Anticancer Research

Development of novel metal-based anticancer drug candidates

Chemotherapy is one of the leading anticancer strategies to cure cancer. Both the pharmaceutical industry and academia are highly devoted to the search of new chemotherapeutic agents. Platinum-based drugs are approved and used in the clinic against cancer. However, these treatments can lead to the occurrence of severe side effects, which are limiting their application. Ruthenium-based compounds are considered as the most promising second generation of anticancer metal-based drug candidates.1 Three Ruthenium complexes (i.e., KP-1019, KP-1339 and NAMI-A) have already entered clinical trials as chemotherapeutic agents against cancer.

Figure 1. Chemical structures of Ruthenium complexes that were (i.e., NKP-1019 and NAMI-A, Figure 1) or are (i.e., IT-139) in clinical trials.

In our research group, novel Ru(II) complexes are synthesized, characterized and their biological activity investigated. Furthermore, the mechanism of action of these compounds is studied in depth using biochemical/molecular biological techniques Among these, the culture of Multicelluar Toumor Spheroids (MCTS, Figure 2), the study of cellular accumulation, intracellular distribution and DNA metalation via Inductively coupled plasma mass spectrometry (ICP-MS, Figure 3) or metabolic studies using Seahorse XF analyser (Figure 4).2–5

Figure 2. Changes in growth kinetics of Multicellular Tumour Spheroids (MCTS) treated with a cytotoxic complex at different concentrations (1, 5, 10, 20, 25 and 30 µM). (a) Images collected at day 0 (before treatment) and at day 3, 6, 9 and 13. b) MCTS diameter measured at different time points. Blue dotted line indicates day of seeding, red dashed line indicates day of treatment, green dotted lines indicate days of washing. Figure taken from ref. 2.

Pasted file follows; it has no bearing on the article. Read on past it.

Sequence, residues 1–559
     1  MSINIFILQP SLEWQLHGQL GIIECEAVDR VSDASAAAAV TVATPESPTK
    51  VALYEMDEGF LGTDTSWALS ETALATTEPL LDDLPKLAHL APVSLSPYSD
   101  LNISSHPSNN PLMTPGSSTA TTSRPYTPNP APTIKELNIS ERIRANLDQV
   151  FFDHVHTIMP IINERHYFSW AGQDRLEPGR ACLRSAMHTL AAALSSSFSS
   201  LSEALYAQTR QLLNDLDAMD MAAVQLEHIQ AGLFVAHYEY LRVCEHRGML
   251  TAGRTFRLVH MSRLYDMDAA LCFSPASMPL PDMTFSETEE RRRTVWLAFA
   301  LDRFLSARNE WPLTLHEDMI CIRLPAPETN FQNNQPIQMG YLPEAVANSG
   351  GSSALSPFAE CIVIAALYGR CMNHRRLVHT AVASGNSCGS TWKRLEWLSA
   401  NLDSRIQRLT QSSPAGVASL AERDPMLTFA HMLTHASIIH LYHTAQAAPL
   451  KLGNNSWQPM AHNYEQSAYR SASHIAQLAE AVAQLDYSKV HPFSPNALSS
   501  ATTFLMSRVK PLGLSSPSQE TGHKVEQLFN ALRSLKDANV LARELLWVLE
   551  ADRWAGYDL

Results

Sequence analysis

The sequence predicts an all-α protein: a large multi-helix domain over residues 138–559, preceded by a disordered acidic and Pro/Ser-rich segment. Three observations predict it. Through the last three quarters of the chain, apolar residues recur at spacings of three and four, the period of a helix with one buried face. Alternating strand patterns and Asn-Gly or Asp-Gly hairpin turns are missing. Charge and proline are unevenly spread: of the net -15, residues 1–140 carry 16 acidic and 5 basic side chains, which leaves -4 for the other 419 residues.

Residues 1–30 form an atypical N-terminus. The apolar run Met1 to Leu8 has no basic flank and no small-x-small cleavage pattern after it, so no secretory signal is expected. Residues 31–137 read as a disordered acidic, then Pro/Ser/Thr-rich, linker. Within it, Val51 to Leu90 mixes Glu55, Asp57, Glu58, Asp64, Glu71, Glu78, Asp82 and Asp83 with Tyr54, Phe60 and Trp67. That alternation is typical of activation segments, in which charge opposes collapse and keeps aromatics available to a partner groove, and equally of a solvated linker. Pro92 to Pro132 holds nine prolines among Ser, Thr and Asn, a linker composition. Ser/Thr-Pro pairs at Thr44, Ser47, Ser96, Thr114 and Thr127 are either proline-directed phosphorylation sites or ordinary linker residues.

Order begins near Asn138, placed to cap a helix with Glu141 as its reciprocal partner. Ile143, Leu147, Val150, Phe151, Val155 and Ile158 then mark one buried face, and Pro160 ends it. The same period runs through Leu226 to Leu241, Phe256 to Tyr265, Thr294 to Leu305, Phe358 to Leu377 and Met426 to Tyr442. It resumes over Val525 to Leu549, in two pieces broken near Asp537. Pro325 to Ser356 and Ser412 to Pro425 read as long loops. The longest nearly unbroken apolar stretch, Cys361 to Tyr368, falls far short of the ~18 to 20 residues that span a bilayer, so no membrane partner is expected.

Figure 3.  Cellular accumulation, intracellular distribution and DNA metalation analysed ICP-MS of two of our cytotoxic Ru(II) complexes. Figure taken from ref. 2.

Figure 4. Mito Stress Test profile after 24 h treatment; oxygen consumption rate changes after treatment with specific electron transport chain inhibitors. Figure taken from ref. 2.

More specifically, we could recently unveil a lead compound (Figure 2) through a structure activity relationship study. This compound exerted advantageous modes of action and an outstanding cytotoxicity.  Moreover, despite its poor water solubility,6 this complex demonstrated to distribute well in vivo with the use of an appropriate formulation. Taken together these results makes our complex an interesting compound for clinical application in the search of potential chemotherapeutic agents against cancer.

Figure 5. Structures of a cytotoxic Ru(II) complexes developed in our labs. Figure taken from ref. 2.


1. A. Notaro and G. Gasser, Chem. Soc. Rev., 2017, 46, 7317–7337.

2. A. Notaro, M. Jakubaszek, N. Rotthowe, F. Maschietto, R. Vinck, P. S. Felder, B. Goud, M. Tharaud, I. Ciofini, F. Bedioui, R. F. Winter and G. Gasser, J. Am. Chem. Soc., 2020, 142, 6066-6084.

3. A. Notaro, M. Jakubaszek, S. Koch, R. Rubbiani, O. Dömötör, É. A. Enyedy, M. Dotou, F. Bedioui, M. Tharaud, B. Goud, S. Ferrari, E. Alessio and G. Gasser, Chem. Eur. J., 2020, 26, 4997–5009.

4. A.-C. Munteanu, A. Notaro, M. Jakubaszek, J. Cowell, M. Tharaud, B. Goud, V. Uivarosi and G. Gasser, Inorg. Chem., 2020, 59, 4424-4434.

5. A. Notaro, A. Frei, R. Rubbiani, M. Jakubaszek, U. Basu, S. Koch, C. Mari, M. Dotou, O. Blacque, J. Gouyon, F. Bedioui, N. Rotthowe, R. F. Winter, B. Goud, S. Ferrari, M. Tharaud, M. Řezáčová, J. Humajová, P. Tomšík and G. Gasser, J. Med. Chem., 2020, DOI: 10.1021/acs.jmedchem.0c00431.

6. A. Notaro, G. Gasser and A. Castonguay, ChemMedChem, 2020, 15, 345-348.